Prostate Cancer: Basics
What is prostate cancer?
Prostate cancer is the most common cancer in men, and the second leading cause of cancer death among men in the U.S. More than 180,000 men in the U.S. will be diagnosed with prostate cancer this year, and more than 40,000 will die of the disease. Eighty percent of men who reach age 80 have prostate cancer.
Prostate cancer is a malignant (cancerous) tumor that usually begins in the outer part of the prostate. In most men, the cancer grows very slowly. In fact, many men with the disease will never know they had the condition. Early prostate cancer is limited to the prostate gland itself, and most patients with this type of cancer can live for years with no problems.
Prostate cancer is classified by two categories: "grade" and "stage." The size and extent of the tumor determine its stage. Early stage prostate cancer, Stages T1 and T2, are limited to the prostate gland. Stage T3 prostate cancer has advanced to tissue immediately outside the gland. Stage T4 prostate cancer has spread to other parts of the body.
What is the prostate and what does it do?
The prostate is a muscular, walnut-sized gland that surrounds part of the urethra, the tube that carries urine and sperm out of the body. (A gland is a group of cells that secretes chemicals that act on or control the activity of other cells or organs.)
The main function of the prostate is to produce fluid for the semen, the milky fluid in which sperm swims. Sperm is produced in the testicles, which also make the main male hormone testosterone. During puberty, testosterone stimulates the growth and function of the prostate, and helps with the production of fluid for semen.
During sexual climax (orgasm), the muscles of the prostate tighten to push the semen through the urethra and out through the penis (ejaculation). The urethra also carries urine, a waste product made by the kidneys and stored in the bladder. When the penis is erect during sexual intercourse, the flow of urine is blocked from the urethra, ensuring that it is only semen that is ejaculated in an orgasm.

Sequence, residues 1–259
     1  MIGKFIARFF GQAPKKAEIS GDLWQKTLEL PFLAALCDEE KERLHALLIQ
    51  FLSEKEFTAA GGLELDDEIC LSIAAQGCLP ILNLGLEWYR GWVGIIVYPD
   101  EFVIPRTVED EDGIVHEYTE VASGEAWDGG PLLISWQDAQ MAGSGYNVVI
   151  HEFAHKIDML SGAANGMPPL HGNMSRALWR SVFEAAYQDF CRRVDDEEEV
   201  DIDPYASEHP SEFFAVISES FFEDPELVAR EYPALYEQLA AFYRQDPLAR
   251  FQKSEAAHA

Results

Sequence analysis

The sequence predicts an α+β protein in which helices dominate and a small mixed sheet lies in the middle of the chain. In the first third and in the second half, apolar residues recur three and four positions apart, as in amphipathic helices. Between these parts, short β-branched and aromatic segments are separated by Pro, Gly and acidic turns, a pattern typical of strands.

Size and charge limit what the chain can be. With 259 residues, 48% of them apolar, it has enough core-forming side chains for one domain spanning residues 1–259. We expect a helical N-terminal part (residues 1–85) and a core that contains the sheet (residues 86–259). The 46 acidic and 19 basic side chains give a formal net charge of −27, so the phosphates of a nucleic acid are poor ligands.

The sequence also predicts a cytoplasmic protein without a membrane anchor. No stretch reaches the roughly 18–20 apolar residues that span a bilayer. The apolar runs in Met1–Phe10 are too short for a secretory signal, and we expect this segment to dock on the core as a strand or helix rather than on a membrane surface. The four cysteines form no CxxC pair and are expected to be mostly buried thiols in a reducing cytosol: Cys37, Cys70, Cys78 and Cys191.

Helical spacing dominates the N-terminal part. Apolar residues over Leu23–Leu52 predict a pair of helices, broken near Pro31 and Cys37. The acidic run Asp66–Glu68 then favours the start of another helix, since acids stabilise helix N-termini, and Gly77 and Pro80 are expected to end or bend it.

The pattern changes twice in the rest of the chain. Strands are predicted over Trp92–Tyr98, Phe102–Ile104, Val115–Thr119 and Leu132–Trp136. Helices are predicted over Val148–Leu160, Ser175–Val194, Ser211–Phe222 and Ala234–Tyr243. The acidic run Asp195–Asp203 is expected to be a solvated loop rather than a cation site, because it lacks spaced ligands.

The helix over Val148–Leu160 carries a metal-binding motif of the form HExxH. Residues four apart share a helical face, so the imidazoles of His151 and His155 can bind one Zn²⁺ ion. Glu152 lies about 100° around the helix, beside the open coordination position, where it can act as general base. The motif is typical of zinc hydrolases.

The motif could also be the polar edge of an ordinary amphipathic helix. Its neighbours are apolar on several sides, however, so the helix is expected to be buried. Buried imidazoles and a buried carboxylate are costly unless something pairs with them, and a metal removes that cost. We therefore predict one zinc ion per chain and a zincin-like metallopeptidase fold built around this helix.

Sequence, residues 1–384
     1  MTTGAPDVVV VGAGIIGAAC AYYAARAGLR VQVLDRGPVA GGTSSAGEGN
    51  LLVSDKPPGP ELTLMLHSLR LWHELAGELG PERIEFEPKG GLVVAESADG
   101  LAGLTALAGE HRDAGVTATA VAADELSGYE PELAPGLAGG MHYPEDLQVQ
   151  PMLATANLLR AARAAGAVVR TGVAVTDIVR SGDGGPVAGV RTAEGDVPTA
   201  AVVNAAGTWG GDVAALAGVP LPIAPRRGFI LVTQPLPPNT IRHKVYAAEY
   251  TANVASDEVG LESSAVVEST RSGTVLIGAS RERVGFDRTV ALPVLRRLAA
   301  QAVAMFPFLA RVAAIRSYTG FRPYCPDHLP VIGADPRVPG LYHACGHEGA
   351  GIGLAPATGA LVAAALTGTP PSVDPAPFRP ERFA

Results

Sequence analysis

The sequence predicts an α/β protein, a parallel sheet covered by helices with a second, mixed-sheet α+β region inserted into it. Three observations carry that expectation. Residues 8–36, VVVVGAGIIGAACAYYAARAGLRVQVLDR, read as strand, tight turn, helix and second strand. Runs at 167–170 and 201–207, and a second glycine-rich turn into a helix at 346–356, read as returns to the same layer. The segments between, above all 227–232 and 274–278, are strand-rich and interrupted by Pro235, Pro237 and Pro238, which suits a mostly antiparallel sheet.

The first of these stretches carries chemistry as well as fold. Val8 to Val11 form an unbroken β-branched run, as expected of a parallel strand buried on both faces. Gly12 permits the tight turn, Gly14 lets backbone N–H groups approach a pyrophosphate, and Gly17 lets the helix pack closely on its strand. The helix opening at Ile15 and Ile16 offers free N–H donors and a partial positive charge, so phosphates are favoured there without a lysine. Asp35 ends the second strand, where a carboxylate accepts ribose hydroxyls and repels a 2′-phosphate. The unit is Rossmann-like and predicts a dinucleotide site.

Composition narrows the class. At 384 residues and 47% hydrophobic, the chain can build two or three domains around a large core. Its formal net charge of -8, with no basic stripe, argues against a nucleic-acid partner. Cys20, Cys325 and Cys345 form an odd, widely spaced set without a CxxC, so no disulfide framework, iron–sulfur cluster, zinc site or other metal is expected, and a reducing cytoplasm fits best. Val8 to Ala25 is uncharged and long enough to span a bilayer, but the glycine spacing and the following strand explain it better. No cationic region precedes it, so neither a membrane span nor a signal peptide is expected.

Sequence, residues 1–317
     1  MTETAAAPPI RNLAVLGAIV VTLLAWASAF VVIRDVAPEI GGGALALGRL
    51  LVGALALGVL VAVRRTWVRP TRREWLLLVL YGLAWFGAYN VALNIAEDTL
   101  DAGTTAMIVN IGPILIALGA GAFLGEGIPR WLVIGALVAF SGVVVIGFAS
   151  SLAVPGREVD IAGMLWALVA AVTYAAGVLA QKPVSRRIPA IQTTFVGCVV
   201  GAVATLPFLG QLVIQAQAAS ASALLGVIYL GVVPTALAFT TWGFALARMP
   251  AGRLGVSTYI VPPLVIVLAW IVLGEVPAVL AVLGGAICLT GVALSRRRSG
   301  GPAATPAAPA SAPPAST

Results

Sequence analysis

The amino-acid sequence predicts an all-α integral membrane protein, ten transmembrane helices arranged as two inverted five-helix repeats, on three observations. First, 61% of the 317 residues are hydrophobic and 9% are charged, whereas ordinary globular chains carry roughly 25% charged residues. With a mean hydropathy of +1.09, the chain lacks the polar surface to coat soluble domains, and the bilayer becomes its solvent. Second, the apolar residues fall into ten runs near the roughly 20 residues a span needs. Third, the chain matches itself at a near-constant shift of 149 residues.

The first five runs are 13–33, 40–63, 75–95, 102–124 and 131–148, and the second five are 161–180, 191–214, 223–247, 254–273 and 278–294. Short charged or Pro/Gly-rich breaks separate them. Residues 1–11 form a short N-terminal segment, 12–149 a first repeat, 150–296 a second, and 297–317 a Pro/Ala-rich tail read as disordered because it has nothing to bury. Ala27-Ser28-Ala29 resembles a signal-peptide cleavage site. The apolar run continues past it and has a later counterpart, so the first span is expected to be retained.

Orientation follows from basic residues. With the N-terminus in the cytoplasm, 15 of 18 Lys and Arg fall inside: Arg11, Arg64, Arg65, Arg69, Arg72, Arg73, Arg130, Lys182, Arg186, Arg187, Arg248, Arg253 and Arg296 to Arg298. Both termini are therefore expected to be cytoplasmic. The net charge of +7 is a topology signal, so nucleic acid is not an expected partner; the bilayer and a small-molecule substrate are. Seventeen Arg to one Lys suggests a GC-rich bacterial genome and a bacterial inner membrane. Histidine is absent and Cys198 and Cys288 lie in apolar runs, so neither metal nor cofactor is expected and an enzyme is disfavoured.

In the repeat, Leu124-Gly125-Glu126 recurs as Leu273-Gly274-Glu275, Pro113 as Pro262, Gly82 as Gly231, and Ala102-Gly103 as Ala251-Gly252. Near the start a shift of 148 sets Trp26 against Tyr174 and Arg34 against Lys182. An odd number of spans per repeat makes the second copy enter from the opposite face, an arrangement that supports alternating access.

Where is the prostate located?
The prostate is located directly beneath the bladder and in front of the rectum. The urethra passes through the prostate, so if the prostate becomes enlarged, it can keep urine or semen from passing through the urethra.
What causes prostate cancer?
Like many cancers, the cause of prostate cancer is unknown. But doctors do know that it is more common in African-American men and men with a family history of the disease. The male sex hormone testosterone also contributes to its growth.
What are the symptoms of prostate cancer?
Prostate cancer, by nature, is “silent” in its early stages. Its symptoms don't appear until later, when patients may notice a need to urinate frequently, particularly at night. Prostate cancer may also cause other problems with urination, including:
- Having trouble urinating;
- A flow of urine that is weak or stops and starts; or,
- Painful and burning urination.
Other symptoms may include:
- Painful ejaculation
- Blood in urine or semen, and,
- Frequent pain or stiffness in the lower back, hips, or legs.